While all eyes are on the Iranian front, we must not forget Hamas! While all eyes are on the Iranian front, we must not forget Hamas! Two Israeli citizens are in Hamas-controlled Gaza. One or both are reportedly mentally unstable. Even if this is correct, it does not make the slightest difference in terms of how we should react. One is a Jew whose parents came from Ethiopia, one is a Muslim Beduin.Nor does this make the slightest difference as to what we ought to do.Neither had any business going to Gaza. The government should take many steps to attempt their return. But neither was a soldier on duty or a civilian who was abducted. It is a human tragedy for their family and friends. It is another inhuman tactic of Hamas.But they entered Gaza on their own.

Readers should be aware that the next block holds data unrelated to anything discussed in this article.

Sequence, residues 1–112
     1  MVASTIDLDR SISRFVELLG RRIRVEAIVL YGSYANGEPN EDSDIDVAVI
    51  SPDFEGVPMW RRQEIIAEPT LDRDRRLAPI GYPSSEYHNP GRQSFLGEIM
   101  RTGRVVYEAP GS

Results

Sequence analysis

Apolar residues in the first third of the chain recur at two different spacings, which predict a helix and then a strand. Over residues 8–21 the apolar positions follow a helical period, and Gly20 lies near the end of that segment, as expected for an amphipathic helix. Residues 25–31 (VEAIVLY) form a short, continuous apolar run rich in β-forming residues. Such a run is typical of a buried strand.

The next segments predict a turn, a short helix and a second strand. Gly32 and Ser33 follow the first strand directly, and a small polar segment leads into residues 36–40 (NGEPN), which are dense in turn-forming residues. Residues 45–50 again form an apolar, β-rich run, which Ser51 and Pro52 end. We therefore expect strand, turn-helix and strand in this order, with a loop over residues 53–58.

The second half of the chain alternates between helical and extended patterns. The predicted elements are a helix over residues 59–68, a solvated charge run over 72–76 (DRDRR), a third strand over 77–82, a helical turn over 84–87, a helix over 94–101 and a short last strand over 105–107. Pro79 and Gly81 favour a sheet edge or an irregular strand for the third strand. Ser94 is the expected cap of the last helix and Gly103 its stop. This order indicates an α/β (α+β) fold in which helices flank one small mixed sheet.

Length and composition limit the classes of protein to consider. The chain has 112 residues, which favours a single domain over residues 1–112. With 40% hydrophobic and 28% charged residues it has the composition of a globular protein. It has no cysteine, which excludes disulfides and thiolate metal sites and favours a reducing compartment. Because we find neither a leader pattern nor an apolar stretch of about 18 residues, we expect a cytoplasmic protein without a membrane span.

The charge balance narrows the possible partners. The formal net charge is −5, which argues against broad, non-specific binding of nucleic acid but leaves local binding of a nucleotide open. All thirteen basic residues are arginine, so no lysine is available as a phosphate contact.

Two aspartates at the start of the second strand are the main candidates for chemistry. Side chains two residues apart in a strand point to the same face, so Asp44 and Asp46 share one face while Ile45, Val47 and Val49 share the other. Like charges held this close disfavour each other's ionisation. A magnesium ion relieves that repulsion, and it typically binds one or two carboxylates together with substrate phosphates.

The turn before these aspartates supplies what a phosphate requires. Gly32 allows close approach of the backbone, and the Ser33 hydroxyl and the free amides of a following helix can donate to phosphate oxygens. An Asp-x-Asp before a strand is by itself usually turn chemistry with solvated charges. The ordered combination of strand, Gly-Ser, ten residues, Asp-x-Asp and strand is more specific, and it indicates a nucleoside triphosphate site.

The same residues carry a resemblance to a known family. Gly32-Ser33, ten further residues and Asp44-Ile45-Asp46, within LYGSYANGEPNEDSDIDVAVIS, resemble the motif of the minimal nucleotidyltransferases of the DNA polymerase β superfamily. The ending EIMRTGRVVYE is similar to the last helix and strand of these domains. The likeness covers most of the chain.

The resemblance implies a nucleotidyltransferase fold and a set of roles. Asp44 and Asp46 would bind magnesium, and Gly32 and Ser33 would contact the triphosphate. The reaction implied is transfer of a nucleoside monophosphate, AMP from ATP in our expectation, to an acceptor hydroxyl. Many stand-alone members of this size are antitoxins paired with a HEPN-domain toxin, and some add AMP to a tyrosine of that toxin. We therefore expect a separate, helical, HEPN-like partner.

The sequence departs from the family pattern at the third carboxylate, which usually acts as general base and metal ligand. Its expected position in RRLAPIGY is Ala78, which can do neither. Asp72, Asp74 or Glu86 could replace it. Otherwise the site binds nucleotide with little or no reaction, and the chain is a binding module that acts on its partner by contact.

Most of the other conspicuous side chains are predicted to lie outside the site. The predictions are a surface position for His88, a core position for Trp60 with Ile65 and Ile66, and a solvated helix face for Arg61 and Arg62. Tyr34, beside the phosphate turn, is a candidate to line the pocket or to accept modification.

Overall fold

See the latest opinion pieces on our pageThe state must distinguish between them and the abducted, or captured.Hamas should indeed release them on humanitarian grounds. But when has Hamas been humanitarian? The State of Israel should use only diplomatic and financial pressure to get them released.And even for soldiers or civilians taken capture or kidnapped, it is time to change policy, to stop rewarding Hamas. Israel and our forces should do everything to free captive soldiers or civilians abducted by Hamas or by any anti-Israel grouping in Gaza. We should do so by exacting a heavy price from Hamas. Whether that price is assassination of Hamas leaders, kidnapping of Hamas operatives, missile strikes, bombing, or other overt and clandestine means, we leave to our intelligence and military planners. But Hamas should not get off scot-free. And Hamas should certainly not be rewarded for war crimes. In a series of “confidence-building steps,” Israel has released hundreds of terrorists. Experience shows how this worked. Many of the most dangerous terrorists returned to their terrorism.The confidence built by the Palestinian Authority and by Hamas was that they confidently knew we were being played for fools. Next time the United States asks for such moves, we should answer in one word: “Guantanamo.”Next time the EU preaches to us, say, “Clean up your own act first!” As The Jerusalem Post editorial on Monday clearly stated, the Gilad Schalit precedent is a wrong precedent. Kidnappers and Islamist gangsters should not dictate terms to us. If we choose to free imprisoned Palestinians, it must be our decision based solely on our own interests.As I write, information has come to light about the primitive and insulting way that Prime Minister Netanyahu’s man responsible for the return of Israelis, Col. (res.) Lior Lotan, spoke to the Mengistu family, whose son and brother, Avera Mengistu crossed the fence to Gaza 10 months ago.Of course the color issue arises. The ugly truth is that Lotan spoke condescendingly, crudely, brutally to the pained and silenced family, who had been asked not to go public with their painful issue. He referred to the Ethiopian anti-racism protests and tried to keep a finger from being pointed at Netanyahu.On the last point, as a civil servant it was not his business to involve politics.The prime minister quite properly went to see the family and apologize. Credit to him where credit is due. Still, I would have expected that Lotan resign and be reassigned to a less public posting.Okay, he “apologized.” Not enough. As a citizen, I am also insulted. Lior – wittingly or unwittingly – spoke as a racist. He should leave the job the PM assigned him. Full stop. The return of kidnapped or captive Israelis should be put in the hands of experienced intelligence officers, chosen for the S (for sekhel=common sense) quotient and for decent human relations.To return to the original question of what do to free captives, our tradition is clear. Jews were held for ransom by kidnappers and pirates centuries ago.The Mishnaic sages, about 1,800 years ago, established a general guideline: Do not pay kidnappers more than the captive is worth. The lesson is the more you pay, the more you encourage future kidnappers.All this when the nation was led by men of sense and responsibility. (Can I refrain from comparing them to today’s Chief Rabbinate?) The precedent should be stronger today, when Jews live in in a sovereign state. Over the years we have paid about a thousand to one. We have released prisoners to retrieve bodies of our soldiers killed in action; we released over a thousand Palestinians in exchange for Gilad Schalit.Enough! We have only encouraged the enemy to raise the ante. If we are holding any killed terrorists’ bodies, we can either take the moral high ground and return them unconditionally, or we can play the same cynical card as Hezbollah or Hamas. I have used gambling terms such as “ante” and “card,” which may indicate how cynical we have become. Trading in dead bodies! This is not new to us. In the cemetery of the Jewish community in medieval Vermaise, today’s Worms, Germany, in the Rhine valley, lie two graves, side by side. One is of the great Rabbi Meir ben Baruch of Rothenburg, known by the acronym Maharam. The other is of Alexander ben Solomon Wimpfen, whose life’s wish was to be Rabbi Meir’s eternal neighbor.Rabbi Meir was kidnapped and incarcerated by King Rudolf I of Germany and held in captivity for seven years till his death in 1293. The Jewish community, led by Rabbenu Asher (the Rosh) raised a huge, truly fabulous ransom to free him. But Rabbi Meir ben Baruch refused to be released. He would not set the precedent of paying an exorbitant ransom. This would only encourage the greedy bishops and “nobility” to kidnap more rabbis.Only 14 years after he died was Alexander ben Solomon allowed to pay a ransom to retrieve the revered rabbi’s body and bring it to rest in the Jewish cemetery of Worms. Alexander received his reward and was buried side-by-side with Rabbi Meir.Facing another ugly ruler over eight centuries later we ask: do we have Rabbi Meir’s wisdom? His strength of will? Avraham Avi-hai has returned to journalism after a distinguished career in government and public service. He has written both non-fiction and a novel. Comments to firstname.lastname@example.org.